A few days after Oakland television station KTVU-TV aired the alleged names of the pilots of Asiana Flight 214, the Korean airline is planning to sue the station for its racist broadcast. Interestingly, Asiana has decided to launch a civil suit only against KTVU, and not against the National Transportation Safety Board (NTSB), whose summer intern allegedly confirmed the names before the broadcast. The airline explained: "It was the TV station report, not the U.S. federal agency that damaged the airline's reputation."
But this suit is ill-advised. Why did Asiana decide to take the station to court? And why has the NTSB escaped the same fate? The cynical answer is that Asiana is trying to protect its bottom line as best as it can. Being the butt of a racist joke could easily compound the hit the airline's profits will almost certainly take in the aftermath of the July 6 crash, and its executives are in damage control mode. In addition, now definitely is not the time for Asiana to get on the NTSB's bad side, as the bureau still has to complete its investigation of the crash.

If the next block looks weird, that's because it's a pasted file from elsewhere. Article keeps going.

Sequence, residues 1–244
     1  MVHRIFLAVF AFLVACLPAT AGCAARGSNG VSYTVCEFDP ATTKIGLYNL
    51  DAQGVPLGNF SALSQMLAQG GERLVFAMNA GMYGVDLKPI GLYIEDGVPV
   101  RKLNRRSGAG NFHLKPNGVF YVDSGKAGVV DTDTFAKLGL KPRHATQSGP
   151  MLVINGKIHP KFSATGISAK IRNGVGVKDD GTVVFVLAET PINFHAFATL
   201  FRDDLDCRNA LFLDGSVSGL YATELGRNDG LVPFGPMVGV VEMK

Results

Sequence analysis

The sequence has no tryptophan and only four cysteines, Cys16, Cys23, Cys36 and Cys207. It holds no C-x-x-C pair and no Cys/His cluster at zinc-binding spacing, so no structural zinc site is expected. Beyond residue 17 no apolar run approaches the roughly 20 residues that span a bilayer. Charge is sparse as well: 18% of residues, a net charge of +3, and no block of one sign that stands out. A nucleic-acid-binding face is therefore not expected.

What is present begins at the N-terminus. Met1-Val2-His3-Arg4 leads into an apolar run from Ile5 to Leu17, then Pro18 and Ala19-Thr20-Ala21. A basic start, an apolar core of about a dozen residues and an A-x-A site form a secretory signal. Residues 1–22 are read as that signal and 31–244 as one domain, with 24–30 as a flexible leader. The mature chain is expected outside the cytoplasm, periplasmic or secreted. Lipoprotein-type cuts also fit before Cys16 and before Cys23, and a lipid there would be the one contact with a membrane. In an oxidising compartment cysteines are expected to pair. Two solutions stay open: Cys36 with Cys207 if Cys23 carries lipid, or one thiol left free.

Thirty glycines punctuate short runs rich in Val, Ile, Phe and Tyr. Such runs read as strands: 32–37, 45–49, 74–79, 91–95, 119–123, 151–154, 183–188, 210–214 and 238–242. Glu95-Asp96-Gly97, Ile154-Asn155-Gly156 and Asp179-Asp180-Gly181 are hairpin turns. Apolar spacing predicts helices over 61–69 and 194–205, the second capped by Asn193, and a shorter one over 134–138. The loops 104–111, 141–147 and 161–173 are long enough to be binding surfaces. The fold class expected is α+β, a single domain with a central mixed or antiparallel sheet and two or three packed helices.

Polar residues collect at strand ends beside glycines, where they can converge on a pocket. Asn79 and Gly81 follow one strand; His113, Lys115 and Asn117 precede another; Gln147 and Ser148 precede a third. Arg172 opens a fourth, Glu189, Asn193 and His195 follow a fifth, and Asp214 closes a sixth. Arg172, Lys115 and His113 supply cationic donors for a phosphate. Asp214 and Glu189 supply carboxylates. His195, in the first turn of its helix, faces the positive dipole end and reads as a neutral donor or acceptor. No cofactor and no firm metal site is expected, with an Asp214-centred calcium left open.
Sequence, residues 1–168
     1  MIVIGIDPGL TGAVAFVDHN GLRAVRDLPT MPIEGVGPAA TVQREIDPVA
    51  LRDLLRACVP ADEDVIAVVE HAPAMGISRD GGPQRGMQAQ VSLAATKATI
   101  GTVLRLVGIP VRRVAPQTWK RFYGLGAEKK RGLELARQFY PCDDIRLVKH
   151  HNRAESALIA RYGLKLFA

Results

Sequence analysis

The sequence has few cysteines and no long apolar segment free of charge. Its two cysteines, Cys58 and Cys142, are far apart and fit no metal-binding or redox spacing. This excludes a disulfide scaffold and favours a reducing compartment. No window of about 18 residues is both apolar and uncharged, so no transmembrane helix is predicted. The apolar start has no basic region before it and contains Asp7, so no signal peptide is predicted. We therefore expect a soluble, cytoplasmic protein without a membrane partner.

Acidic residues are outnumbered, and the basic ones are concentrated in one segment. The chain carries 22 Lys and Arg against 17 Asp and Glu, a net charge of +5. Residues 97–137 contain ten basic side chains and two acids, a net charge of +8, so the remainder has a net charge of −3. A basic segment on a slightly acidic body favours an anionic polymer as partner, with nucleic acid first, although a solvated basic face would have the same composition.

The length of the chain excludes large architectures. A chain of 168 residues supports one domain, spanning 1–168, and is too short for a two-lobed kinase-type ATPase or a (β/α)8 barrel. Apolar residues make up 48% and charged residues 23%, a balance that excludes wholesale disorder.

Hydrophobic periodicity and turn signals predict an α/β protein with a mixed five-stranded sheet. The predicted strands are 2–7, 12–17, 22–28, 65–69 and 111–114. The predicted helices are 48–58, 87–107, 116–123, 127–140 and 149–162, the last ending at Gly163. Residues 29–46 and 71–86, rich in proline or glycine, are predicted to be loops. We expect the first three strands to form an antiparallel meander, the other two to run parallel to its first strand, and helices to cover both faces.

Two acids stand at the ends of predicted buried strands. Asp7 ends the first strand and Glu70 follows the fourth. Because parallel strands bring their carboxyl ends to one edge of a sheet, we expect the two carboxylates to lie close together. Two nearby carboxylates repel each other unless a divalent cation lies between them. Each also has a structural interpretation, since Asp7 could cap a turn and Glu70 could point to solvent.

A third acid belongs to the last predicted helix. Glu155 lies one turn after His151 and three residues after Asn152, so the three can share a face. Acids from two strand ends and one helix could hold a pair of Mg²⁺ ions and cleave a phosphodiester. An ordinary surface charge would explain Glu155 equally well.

Now, it's hard to say that falling for a bad, racist joke is a crime for a private citizen. But, as a news station, KTVU has a journalistic obligation to report the truth and undergo even the most rudimentary of fact-checking procedures. Simply reading the names the NTSB had given the station should have sent up a massive red flag. If KTVU isn't guilty of defamation, it's at least guilty of mind-boggling stupidity. What's more, the NTSB shouldn't be giving summer interns access to the press in a case as sensitive as a plane crash that cost 3 people their lives. Both parties' actions were necessary for the broadcast to take place.
But focusing on the KTVU broadcast might be a mistake by Asiana. From initial reports, it looks like the NTSB's findings will end up doing more to sully Asiana's actually sterling record than any racist news report ever could. If Asiana does indeed want to focus on improving its image, as it must, the airline should instead highlight its decision Monday to "increase training" for its pilots. Asiana has received generally positive reviews for its response to the tragic crash, but a suit against KTVU could end up in fact prolonging the life of an ugly story that belongs on Saturday Night Live, not the evening news.